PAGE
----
Sorry for that pathetic bit of levity, but I fail to see the wisdom in hobbling our young people and pushing a really stilted dependence on gadgets. Yes, cell phones are great assets. Calculators are, too; but the person who invented that calculator knew how to add, subtract, and divide. While I acknowledge that many lives have been saved because of a quick, “911” cell call, there is another side of the coin — the countless lives lost due to texting or talking when driving. For every plus there is a minus. I digress.

Back to “Hoosiers”….

I make no claim that our younger years were devoid of problems, but we had a solid foundation on which to base our future. Some of us took jobs in factories, some went into the military, and others went on to college.

Some of us moved far afield and lived in locations thousands of miles from home. Others stuck around and never left, but that camaraderie we shared in the crowd as our basketball teams played their hearts out on the hardwood never left our souls. It awakened at the first scene of the movie. You see, that sense of community remains for a lifetime.

That is why, for my husband and me, “Hoosiers” is more than an evening’s entertainment. It portrays a clear image of the world in which we lived, a world where the very thought of a 24-hour-news channel was as improbable and far-fetched as science fiction.

In truth, not every family was a close one, but the community at large served as an extended family to many of us. Crime was all but nonexistent in our hometown, even if Indianapolis did have its share of trouble. Our radio news came in the morning, and at noon Fred Heckman’s familiar voice on WIBC radio (formerly WFBM) brought us up to date in his daily rendition of “My Town Indy.” Later, in the evening, most people checked in with the 11 o’clock news on television if only to check on the weather.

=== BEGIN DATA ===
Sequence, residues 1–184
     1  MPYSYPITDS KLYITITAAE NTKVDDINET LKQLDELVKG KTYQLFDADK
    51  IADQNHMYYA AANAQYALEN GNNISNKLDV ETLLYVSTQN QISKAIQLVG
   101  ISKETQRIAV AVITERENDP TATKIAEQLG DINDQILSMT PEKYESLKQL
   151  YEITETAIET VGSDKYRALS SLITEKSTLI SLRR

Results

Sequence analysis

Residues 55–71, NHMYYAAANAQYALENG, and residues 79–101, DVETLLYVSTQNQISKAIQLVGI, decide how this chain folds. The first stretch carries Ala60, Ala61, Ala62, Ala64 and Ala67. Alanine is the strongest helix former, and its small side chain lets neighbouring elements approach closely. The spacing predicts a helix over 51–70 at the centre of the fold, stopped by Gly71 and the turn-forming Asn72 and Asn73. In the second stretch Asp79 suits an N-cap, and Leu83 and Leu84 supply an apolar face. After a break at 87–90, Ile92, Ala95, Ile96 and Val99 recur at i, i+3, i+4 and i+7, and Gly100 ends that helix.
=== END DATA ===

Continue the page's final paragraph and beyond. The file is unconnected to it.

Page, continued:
I chuckle now when I think about my mother in that regard. She was careful to make sure I was upstairs before the weather aired. I guess I didn’t sleep well if storms were forecast. That may date to the night that a tornado tore through town just a few blocks from our home. We heard its roar as it took off the third floor of the Five Points building across from Thomas A. Hendricks Elementary School. A few blocks east, the twister set the roof of the Kroger Store down in the middle of South Harrison Street!

Friday night in our hometown mimicked those in many a small Indiana town. Friday night was spectacular. Downtown stores remained open and, walking around, you saw nearly everybody you knew. Folks of all ages and parents with children strolled the sidewalks together. Rural families, too, flocked to the county seat to enjoy the shopping. Ice cream parlors offered up the latest treats. And world problems? Those subjects were tackled by groups of dads gathered on street corners while wives shopped with kids in tow.

If we felt any shudder at all, it was that looming decision after our senior year — what to do after graduation.